Forum for Science, Industry and Business

Sponsored by:     3M 
Search our Site:

 

Suzaku Shows Clearest Picture Yet of Perseus Galaxy Cluster

25.03.2011
X-ray observations made by the Suzaku observatory provide the clearest picture to date of the size, mass and chemical content of a nearby cluster of galaxies. The study also provides the first direct evidence that million-degree gas clouds are tightly gathered in the cluster's outskirts.

Suzaku is sponsored by the Japan Aerospace Exploration Agency (JAXA) with contributions from NASA and participation by the international scientific community. The findings will appear in the March 25 issue of the journal Science.

Galaxy clusters are millions of light-years across, and most of their normal matter comes in the form of hot X-ray-emitting gas that fills the space between the galaxies.

"Understanding the content of normal matter in galaxy clusters is a key element for using these objects to study the evolution of the universe," explained Adam Mantz, a co-author of the paper at NASA's Goddard Space Flight Center in Greenbelt, Md.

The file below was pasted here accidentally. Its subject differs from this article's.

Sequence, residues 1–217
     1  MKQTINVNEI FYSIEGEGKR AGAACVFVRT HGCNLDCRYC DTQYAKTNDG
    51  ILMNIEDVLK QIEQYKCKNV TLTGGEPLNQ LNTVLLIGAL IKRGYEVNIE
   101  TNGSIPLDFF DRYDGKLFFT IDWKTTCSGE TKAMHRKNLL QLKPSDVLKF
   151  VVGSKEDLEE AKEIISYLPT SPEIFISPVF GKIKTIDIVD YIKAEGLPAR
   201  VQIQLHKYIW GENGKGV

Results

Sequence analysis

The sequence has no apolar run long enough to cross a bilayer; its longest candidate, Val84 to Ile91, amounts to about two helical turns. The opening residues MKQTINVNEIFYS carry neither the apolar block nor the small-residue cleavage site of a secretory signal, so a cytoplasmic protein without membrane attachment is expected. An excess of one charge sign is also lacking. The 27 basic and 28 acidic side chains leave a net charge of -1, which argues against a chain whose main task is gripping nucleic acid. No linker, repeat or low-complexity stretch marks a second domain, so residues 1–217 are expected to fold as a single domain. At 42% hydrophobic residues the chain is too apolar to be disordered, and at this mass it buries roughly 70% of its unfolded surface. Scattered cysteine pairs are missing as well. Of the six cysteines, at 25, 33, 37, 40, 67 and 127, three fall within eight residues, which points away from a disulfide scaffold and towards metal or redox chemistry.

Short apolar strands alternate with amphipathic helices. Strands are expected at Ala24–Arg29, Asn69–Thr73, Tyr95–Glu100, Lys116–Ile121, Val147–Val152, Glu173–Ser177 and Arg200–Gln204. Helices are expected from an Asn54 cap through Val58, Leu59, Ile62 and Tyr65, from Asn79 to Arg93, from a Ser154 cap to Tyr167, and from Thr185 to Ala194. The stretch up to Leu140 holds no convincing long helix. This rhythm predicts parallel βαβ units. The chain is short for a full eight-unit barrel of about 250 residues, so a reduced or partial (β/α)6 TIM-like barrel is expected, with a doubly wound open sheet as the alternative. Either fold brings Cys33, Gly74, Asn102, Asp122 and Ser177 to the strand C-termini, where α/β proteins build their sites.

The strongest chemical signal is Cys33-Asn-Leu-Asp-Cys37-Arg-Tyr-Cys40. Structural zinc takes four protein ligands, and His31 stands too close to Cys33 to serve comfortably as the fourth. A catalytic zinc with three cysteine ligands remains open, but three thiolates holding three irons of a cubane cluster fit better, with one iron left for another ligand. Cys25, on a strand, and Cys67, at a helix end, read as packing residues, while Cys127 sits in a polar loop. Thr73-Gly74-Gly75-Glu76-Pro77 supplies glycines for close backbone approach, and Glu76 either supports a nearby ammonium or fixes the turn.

Clusters provide independent checks on cosmological values established by other means, such as galaxy surveys, exploding stars and the cosmic microwave background, which is the remnant glow of the Big Bang. The cluster data and the other values didn't agree.

NASA's Wilkinson Microwave Anisotropy Probe (WMAP) explored the cosmic microwave background and established that baryons -- what physicists call normal matter -- make up only about 4.6 percent of the universe. Yet previous studies showed that galaxy clusters seemed to hold even fewer baryons than this amount.

Suzaku images of faint gas at the fringes of a nearby galaxy cluster have allowed astronomers to resolve this discrepancy for the first time.